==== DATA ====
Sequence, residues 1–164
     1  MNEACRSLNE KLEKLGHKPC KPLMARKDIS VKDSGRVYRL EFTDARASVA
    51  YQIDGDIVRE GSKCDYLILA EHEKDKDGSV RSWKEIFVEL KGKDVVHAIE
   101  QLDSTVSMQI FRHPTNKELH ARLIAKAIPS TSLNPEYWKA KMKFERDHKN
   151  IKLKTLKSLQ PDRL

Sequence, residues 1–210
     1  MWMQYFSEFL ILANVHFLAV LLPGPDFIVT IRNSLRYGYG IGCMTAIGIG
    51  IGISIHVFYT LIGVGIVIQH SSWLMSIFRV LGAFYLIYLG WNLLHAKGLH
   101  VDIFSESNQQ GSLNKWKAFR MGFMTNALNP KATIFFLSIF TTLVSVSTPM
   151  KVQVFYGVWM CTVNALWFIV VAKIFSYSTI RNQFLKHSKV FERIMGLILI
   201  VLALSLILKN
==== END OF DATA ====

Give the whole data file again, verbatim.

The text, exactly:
Sequence, residues 1–164
     1  MNEACRSLNE KLEKLGHKPC KPLMARKDIS VKDSGRVYRL EFTDARASVA
    51  YQIDGDIVRE GSKCDYLILA EHEKDKDGSV RSWKEIFVEL KGKDVVHAIE
   101  QLDSTVSMQI FRHPTNKELH ARLIAKAIPS TSLNPEYWKA KMKFERDHKN
   151  IKLKTLKSLQ PDRL

Sequence, residues 1–210
     1  MWMQYFSEFL ILANVHFLAV LLPGPDFIVT IRNSLRYGYG IGCMTAIGIG
    51  IGISIHVFYT LIGVGIVIQH SSWLMSIFRV LGAFYLIYLG WNLLHAKGLH
   101  VDIFSESNQQ GSLNKWKAFR MGFMTNALNP KATIFFLSIF TTLVSVSTPM
   151  KVQVFYGVWM CTVNALWFIV VAKIFSYSTI RNQFLKHSKV FERIMGLILI
   201  VLALSLILKN